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FOR IMMEDIATE RELEASE: August 15, 2017

Shelly Angers, N.H. Department of Natural & Cultural Resources
(603) 271-3136
shelly.angers@nh.gov
Twitter: @NHDNCR

Three churches among properties added to NH State Register of Historic Places

The New Hampshire Division of Historical Resources is pleased to announce that the State Historical Resources Council has added four properties to the New Hampshire State Register of Historic Places.

The State Register has helped to promote the significance of many historic properties across New Hampshire. Benefits of being listed on the State Register include:

  • Special consideration and relief from some building codes and regulations;
  • Designation of a property as historical, which is a pre-qualification for many grant programs, including Conservation License Plate grants and New Hampshire Land and Community Heritage Investment Program (LCHIP) grants; and
  • Acknowledgment of a property’s historical significance in the community.

The following are the most recent additions to the New Hampshire State Register of Historic Places:

Nashua’s St. Francis Xavier Church was built in 1898 for the industrial city’s growing Franco-American community. An uncommon New Hampshire example of the Norman Gothic Revival style, it is considered the most ambitious church designed by Timothy O’Connell of the architectural firm Chickering and O’Connell, which specialized in church design.

Host to the town clock, Farmington’s First Congregational Church is an excellent example of the Gothic Revival style with beautiful stained glass windows. It is the earliest identified commission for architect Frederick Nathaniel Footman, who was born in Somersworth and went on to design such notable buildings as the Strafford County Alms House, Laconia High School and the American Brewing Company in Boston.

Built in 1829-30, the Federal-style Congregational Church in Wentworth was divided internally into two floors in 1867 in response to the Toleration Act of 1819, which required municipal and religious services to have separate venues. A landmark on the town common, the church is noteworthy for its prominent three-stage tower, which incorporates urns, balustrades, fluted Doric pilasters and other architectural details.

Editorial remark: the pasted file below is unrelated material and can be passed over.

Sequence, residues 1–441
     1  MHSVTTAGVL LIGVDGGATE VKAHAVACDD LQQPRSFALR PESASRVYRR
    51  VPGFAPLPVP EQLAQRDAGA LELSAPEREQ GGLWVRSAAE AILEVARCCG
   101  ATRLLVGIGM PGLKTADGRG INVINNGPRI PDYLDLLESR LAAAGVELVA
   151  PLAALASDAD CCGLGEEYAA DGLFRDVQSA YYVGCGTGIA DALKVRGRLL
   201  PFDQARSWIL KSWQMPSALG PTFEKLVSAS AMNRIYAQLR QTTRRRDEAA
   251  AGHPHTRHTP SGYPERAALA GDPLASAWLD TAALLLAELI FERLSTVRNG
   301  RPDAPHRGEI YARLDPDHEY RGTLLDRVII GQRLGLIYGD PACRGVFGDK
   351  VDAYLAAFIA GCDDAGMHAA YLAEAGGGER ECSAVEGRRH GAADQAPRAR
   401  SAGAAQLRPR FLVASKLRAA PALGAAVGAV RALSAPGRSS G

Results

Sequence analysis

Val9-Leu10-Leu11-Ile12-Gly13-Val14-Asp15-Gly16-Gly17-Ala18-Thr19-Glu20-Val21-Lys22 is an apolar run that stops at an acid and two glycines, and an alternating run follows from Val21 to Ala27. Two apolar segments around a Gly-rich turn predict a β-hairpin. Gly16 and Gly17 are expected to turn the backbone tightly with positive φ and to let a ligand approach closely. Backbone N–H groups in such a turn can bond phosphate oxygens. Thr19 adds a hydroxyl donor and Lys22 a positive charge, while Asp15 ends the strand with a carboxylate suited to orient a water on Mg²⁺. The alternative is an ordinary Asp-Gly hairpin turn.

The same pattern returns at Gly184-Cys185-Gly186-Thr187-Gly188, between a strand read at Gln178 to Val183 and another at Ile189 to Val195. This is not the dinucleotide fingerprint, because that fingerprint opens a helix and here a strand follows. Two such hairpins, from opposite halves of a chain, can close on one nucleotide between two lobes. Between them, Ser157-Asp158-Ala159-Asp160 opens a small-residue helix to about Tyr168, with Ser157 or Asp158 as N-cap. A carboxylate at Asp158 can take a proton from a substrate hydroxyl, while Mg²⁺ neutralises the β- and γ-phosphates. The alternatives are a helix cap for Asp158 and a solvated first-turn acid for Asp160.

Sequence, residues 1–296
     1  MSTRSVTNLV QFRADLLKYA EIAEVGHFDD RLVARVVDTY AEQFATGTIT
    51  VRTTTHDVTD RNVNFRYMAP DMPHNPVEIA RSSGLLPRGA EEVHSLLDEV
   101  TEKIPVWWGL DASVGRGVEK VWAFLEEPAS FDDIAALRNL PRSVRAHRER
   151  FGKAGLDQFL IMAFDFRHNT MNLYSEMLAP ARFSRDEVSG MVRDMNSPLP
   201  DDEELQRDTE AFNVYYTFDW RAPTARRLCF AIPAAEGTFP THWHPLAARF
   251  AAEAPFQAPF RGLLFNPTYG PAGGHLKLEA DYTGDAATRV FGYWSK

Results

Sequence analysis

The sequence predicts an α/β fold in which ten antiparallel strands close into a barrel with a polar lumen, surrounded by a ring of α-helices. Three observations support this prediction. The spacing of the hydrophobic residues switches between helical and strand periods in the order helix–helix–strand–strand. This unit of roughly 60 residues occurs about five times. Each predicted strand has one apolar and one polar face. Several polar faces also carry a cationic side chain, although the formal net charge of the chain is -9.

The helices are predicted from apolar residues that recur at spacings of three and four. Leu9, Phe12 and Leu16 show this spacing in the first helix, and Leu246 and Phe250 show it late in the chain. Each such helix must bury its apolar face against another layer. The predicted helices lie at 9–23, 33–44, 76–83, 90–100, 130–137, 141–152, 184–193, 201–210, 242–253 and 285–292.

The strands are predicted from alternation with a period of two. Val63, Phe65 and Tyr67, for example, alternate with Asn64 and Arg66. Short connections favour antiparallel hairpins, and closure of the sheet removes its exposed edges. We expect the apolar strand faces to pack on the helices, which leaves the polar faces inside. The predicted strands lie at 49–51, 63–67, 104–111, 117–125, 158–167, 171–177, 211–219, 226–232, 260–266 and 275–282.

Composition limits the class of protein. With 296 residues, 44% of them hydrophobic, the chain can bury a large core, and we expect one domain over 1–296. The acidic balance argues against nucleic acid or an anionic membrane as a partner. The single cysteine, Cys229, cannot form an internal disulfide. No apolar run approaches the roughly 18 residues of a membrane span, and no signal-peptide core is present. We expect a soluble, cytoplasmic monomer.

Also in Wentworth, the Stevens-Currier House is a well-preserved example of an 18th-century cape, which was the most common type of house in the town through 1850. Records indicate that it may have been built by the local blacksmith, who relocated with his family to Wentworth on an ox sled. As with many farms in the area, it was later used as a summer home.

Anyone wishing to nominate a property to the New Hampshire State Register of Historic Places must research the history of the nominated property and document it fully on individual inventory forms from the New Hampshire Division of Historical Resources. Having a property listed in the Register does not impose restrictions on property owners. For more information, visit nh.gov/nhdhr.

New Hampshire’s Division of Historical Resources, the “State Historic Preservation Office,” was established in 1974. The historical, archaeological, architectural and cultural resources of New Hampshire are among its most important environmental assets. Historic preservation promotes the use, understanding and conservation of such resources for the education, inspiration, pleasure and enrichment of New Hampshire’s citizens. For more information, visit nh.gov/nhdhr or call 603-271-3483.

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